Claim Interpretation for Expired Patents


Written by Stuart Nelson

Claim construction is a key issue in post-grant proceedings, and the application of the "broadest reasonable construction" standard is receiving increased attention. Recently in Amkor Technology, Inc. v. Tessera, Inc. (IPR2013-00242), the patent owner filed a terminal disclaimer such that the disputed patent would be effectively expired. Order, Apr. 14, 2014, p. 3. The patent owner argued that while the broadest reasonable construction applies to unexpired patents in inter partes review, claims of an expired patent should be interpreted with an analysis similar to that of a district court. Id. at 2. The patent owner now seeks "to file a motion to terminate the proceeding on the basis that the Board applied the broadest reasonable interpretation standard in the decision to institute this inter partes review." Id. at 2. It should be noted that the patent owner's position is not that the proceeding should be terminated simply because the patent is now expired, but because the proper claim construction has now changed. The petitioner opposes and the Board has requested detailed briefing on what it considers an issue of first impression. Id. at 3-4. The parties have briefed the matter, but no decision has been issued.

An unrelated case also dealt with claim construction of an expired patent, but in a different way. In Toyota Motor Corp. v. LeRoy G. Hagenbuch (IPR2013-00483), the disputed patent expired during the inter partes review proceeding just ten days after the decision to institute. Order, April 16, 2014, p. 2. During a conference call, both the petitioner and the patent owner "agreed that BRI should not be applied in the final decision" and that "the claims should be construed in a fashion similar to that used in a district court's review." Id. The Board then proceeded to construe a disputed claim term using "the proper non-BRI construction," but ultimately construed that term the same way as under the broadest reasonable interpretation. Id. at 2-3.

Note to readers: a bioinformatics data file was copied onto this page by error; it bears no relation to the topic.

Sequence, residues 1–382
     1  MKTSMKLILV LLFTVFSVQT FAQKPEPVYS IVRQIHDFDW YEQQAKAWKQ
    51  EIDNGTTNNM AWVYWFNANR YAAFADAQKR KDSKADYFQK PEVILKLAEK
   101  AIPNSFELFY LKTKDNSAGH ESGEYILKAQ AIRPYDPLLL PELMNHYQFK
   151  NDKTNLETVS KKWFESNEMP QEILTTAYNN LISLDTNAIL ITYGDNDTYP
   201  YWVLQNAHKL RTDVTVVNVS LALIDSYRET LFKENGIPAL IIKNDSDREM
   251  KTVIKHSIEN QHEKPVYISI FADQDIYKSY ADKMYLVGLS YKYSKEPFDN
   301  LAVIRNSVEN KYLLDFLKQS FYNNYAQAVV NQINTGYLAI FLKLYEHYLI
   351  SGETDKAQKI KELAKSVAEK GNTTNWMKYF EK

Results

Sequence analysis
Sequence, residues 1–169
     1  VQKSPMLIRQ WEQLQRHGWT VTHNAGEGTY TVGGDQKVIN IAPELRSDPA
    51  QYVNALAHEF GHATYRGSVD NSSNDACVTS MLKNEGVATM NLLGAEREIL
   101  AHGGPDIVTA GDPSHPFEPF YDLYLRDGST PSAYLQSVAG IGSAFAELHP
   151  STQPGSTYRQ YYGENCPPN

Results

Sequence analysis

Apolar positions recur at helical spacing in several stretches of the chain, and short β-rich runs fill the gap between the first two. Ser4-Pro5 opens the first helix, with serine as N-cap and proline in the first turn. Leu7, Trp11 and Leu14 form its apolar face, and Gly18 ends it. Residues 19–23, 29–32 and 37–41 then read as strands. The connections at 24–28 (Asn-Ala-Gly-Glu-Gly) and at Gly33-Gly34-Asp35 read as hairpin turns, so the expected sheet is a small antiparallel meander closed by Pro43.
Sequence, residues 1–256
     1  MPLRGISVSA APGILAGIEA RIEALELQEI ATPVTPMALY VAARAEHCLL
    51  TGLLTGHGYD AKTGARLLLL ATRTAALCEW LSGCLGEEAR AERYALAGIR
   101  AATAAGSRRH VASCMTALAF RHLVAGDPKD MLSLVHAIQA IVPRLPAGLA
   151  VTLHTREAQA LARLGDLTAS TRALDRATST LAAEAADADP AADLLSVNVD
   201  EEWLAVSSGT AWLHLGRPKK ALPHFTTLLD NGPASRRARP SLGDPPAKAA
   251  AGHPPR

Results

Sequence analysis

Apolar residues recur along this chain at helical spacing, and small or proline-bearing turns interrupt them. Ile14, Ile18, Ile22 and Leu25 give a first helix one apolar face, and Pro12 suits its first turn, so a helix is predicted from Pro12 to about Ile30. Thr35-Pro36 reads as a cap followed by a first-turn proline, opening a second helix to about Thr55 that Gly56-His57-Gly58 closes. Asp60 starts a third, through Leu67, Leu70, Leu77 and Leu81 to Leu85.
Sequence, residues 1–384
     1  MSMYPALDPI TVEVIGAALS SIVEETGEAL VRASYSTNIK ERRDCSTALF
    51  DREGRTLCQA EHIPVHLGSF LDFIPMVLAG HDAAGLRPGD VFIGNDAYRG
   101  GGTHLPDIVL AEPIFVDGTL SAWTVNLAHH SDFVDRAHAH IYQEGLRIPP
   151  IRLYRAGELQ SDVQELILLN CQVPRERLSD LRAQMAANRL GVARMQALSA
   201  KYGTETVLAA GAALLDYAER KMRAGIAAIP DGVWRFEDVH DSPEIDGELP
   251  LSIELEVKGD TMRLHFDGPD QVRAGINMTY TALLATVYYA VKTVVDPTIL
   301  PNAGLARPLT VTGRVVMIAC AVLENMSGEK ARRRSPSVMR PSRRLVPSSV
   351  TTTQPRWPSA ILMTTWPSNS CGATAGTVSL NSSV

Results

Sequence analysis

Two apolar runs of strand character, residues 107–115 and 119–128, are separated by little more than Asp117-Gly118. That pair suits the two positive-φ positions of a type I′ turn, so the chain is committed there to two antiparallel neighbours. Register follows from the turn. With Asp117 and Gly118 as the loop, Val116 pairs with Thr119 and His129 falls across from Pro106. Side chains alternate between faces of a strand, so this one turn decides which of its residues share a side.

It will be interesting to see what the Board does with this issue in Amkor Technology, Inc. v. Tessera, Inc. as well as other cases. In the meantime, patent owners unhappy with claim interpretations during post-grant proceedings may increasingly consider the possibility of patent expiration, whether by the patent's term naturally running out or via a terminal disclaimer. However, filing a terminal disclaimer may prove risky, especially for patents with substantial term remaining, as there is no guarantee that the Board will apply a narrower construction.

For information, contact Stuart Nelson or another member of Fish’s post-grant practice.